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Suppose I have a known unit eigenvector $v_1$ and all eigenvalues $\lambda_1, \dots, \lambda_n$ of an unknown but real and symmetric $n\times n$ matrix $A$. In other words, $Av_1 = \lambda_1 v_1$. For now, assume $\lambda_1 > \dots > \lambda_n$.

I have two questions:

  1. Is $A$ be uniquely determined by $v_1$ and $\lambda_1, \dots, \lambda_n$?
  2. How do I prove whether $A$ is determined? Hints and suggestions for an approach would be great! Of course, a direct answer would be equally appreciated.
  3. If the answer to question 1 is yes, how do I find $A$ or a set of $A$'s unit eigenvectors.
  4. If the answer to question 1 is no, what other information do I need to make that a yes?

My intuition suggests the answer to 1 is yes because the three constraints

  1. eigenvectors are pairwise orthogonal,
  2. the matrix $A$ must have eigenvalues as prescribed, and
  3. the first eigenvector must be $v_1$

are strong enough to uniquely identify $A$ in, which lives in a $n(n-1)$ space.

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No to 1, and here's a counter-example. Suppose $\lambda_1=1, \lambda_2=2,\lambda_3=3$. Set $v_1 = (1, 0, 0)^T$. Two possibilities for the matrix $A$ could be $\mathrm{diag}(1, 2, 3)$ and $\mathrm{diag}(1,3,2)$ (there are infinitely many other possibilities too).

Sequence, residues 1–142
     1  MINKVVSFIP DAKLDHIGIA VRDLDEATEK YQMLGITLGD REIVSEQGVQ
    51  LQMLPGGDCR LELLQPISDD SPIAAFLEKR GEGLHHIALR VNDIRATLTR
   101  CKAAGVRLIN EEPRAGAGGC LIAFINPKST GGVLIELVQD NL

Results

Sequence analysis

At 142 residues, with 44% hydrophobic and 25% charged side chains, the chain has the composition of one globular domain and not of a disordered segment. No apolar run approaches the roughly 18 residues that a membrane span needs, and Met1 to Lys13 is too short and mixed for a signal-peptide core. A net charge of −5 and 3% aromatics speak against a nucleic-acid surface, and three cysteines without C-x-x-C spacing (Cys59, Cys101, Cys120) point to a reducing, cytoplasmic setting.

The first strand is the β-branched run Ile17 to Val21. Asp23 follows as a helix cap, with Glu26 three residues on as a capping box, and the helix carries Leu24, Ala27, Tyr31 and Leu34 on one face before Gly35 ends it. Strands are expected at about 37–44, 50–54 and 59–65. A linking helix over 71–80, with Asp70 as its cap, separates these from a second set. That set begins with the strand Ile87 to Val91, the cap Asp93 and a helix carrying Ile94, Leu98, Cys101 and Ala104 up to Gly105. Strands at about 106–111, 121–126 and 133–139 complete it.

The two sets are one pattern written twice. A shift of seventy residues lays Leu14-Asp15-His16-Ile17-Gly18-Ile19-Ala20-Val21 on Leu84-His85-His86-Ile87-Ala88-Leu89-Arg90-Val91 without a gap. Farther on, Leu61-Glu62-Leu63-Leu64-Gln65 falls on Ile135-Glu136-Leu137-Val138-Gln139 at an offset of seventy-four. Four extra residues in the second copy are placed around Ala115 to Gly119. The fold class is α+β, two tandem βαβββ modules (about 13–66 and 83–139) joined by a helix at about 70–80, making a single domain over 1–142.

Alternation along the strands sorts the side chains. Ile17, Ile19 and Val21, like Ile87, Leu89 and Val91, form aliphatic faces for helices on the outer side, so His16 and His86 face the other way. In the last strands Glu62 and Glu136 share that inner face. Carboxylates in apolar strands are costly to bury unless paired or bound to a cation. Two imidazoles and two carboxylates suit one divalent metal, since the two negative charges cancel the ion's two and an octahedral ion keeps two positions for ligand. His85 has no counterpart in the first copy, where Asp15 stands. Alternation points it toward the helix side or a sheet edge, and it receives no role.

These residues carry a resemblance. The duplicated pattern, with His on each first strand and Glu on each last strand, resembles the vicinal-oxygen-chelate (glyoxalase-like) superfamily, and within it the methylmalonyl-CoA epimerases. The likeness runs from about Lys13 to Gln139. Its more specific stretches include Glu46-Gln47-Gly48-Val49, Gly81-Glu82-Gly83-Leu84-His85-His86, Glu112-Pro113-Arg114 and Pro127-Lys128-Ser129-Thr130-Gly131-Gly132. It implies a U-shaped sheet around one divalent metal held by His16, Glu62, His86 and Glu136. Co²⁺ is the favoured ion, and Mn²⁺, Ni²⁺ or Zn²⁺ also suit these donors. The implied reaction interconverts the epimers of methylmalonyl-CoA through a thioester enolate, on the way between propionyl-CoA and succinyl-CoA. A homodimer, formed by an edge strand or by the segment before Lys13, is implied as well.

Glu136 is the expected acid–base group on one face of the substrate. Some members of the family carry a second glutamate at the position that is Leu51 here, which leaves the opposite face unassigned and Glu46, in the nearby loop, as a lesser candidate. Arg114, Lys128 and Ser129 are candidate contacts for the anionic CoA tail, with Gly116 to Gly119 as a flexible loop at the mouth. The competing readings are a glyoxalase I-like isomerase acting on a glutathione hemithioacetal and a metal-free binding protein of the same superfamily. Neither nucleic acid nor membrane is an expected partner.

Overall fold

For 4, I will just give a hint. 1 eigenvector is not enough. $n$ eigenvectors is certainly enough (you can use the eigendecomposition of a matrix), but you can get away with fewer.

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  • $\begingroup$ I guess n-1 eignevectors is sufficient since there's only one degree of freedom left. But can we go with even fewer? $\endgroup$
    – fool
    Commented Jul 25, 2022 at 4:06
  • $\begingroup$ The counter-example I gave you gives n-2 eigenvectors. $\endgroup$ Commented Jul 25, 2022 at 12:37
  • $\begingroup$ Sorry could you clarify what you mean by "gives $n-2$ eigenvectors"? In your counter example, clearly we need one more eigenvector to determine $A$, requiring a total of $n-1=2$ eigenvectors. How can we only need $n-2=1$ eigenvector to determine $A$? $\endgroup$
    – fool
    Commented Jul 25, 2022 at 19:24
  • $\begingroup$ I'm saying that in the counter-example, n-2 eigenvectors are given and this is insufficient to determine A. Hence, it is not possible in general to determine A from knowledge of n-2 eigenvectors and all eigenvalues of A. $\endgroup$ Commented Jul 25, 2022 at 20:43
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    $\begingroup$ This was just a coincidence, because I chose some easy matrices to demonstrate the point. If we know only the eigenvalues of A, then we know that $A$ is of the form $P\Lambda P^T$ where the columns of $P$ are the eigenvectors of $A$ (in order) and $\Lambda = \mathrm{diag}(\lambda_1,\ldots, \lambda_n)$. Any orthonormal set of eigenvectors will do. A matrix whose columns are an orthonormal set is called orthogonal. So we find that knowledge of the eigenvalues of $A$ determines $A$ up to an unknown orthogonal matrix $P$. If we know $v_1$, that determines in addition the first column of $P$. $\endgroup$ Commented Jul 26, 2022 at 3:13

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